The inevtiable conclusion to Teddy Mo part 2

 

The Mohamed Teddy Bear..for sale on E-bay, and comes with this warning:

For sale due to a change in the school curriculum.

Mo is a delightful little bear who all children would love, but not some adults.

Condition: As new, but by time of delivery may have 40 scratch marks on back.

Oh man! We are never gonna hear the end of this!

Comments

  1. GRRRRRRRRRRRRRRRRRRRRRRRRR!!!!!

    Tell me about it man. This is utterly pathetic. I’m embarrassed and ashamed.

  2. Gentlemen,

    My crap detector is buzzing really loudly over this one.

    I’ll bet the teddy bear naming was just an excuse. So, who is trying to steal this woman’s property, or intimidate the parents, or force concessions from the school principal?

    This kind of thing is never really about religion.

  3. I don’t totally understand why anyone would object to having a teddy bear named after Mohammad. After all, teddy bears are by definition cute and cuddly. What’s wrong with that? That’s flattering. I mean, there are worst things one could say that really would be blasphemy, but teddy bears are nice. What’s wrong with nice?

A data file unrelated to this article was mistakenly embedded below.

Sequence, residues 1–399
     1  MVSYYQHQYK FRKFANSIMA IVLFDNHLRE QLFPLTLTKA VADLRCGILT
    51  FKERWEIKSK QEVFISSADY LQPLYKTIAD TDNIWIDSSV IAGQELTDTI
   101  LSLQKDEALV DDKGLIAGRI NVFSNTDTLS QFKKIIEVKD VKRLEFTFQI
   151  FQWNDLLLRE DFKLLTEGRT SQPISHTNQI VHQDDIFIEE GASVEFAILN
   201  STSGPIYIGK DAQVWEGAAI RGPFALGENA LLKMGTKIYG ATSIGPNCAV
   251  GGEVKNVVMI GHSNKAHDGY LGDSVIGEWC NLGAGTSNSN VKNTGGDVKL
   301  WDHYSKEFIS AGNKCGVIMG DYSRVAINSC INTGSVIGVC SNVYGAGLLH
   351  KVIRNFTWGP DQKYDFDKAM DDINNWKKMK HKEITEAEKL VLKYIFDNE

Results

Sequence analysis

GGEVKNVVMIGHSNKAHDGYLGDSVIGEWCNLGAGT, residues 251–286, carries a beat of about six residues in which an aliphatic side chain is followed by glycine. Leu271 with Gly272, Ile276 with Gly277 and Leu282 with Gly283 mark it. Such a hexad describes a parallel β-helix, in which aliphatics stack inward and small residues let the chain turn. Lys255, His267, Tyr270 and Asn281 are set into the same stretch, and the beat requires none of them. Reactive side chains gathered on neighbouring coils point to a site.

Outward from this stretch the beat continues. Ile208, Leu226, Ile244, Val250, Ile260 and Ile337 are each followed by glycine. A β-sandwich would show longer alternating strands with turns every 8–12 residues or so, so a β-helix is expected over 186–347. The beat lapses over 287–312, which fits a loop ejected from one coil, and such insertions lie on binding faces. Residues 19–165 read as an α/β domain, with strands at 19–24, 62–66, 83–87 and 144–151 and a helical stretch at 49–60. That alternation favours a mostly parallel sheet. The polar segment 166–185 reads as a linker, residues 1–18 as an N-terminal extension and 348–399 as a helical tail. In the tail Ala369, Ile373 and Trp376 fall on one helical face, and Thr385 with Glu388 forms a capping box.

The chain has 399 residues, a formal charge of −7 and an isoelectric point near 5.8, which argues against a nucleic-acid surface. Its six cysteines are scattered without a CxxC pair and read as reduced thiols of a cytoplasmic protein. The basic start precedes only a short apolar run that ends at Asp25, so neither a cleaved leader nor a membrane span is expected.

4. OK, ok … I’m kidding. But, really, this is so trivial. Why are so many people overreacting, even calling for this teacher’s death? This is insane.

  5. SudaneseDrima:
    GRRRRRRRRRRRRRRRRRRRRRRRRR!!!!!

    Tell me about it man. This is utterly pathetic. I’m embarrassed and ashamed.

    Wait ’til you see Muslims sawing off heads while chanting Allahu ackbar…..

    Oh, wait…

  6. Okay, another Joanne posting here……..well, at least they aren’t calling for the stoning of the child…..you just never know with these people; logic or common sense doesn’t ever seem to enter the equation.

  7. To be sure, I don’t know much about the AP writer Mohamed Osman but I was outraged by his characterization of Sufi “tenet” in his 11/30 article that I wrote to the AP: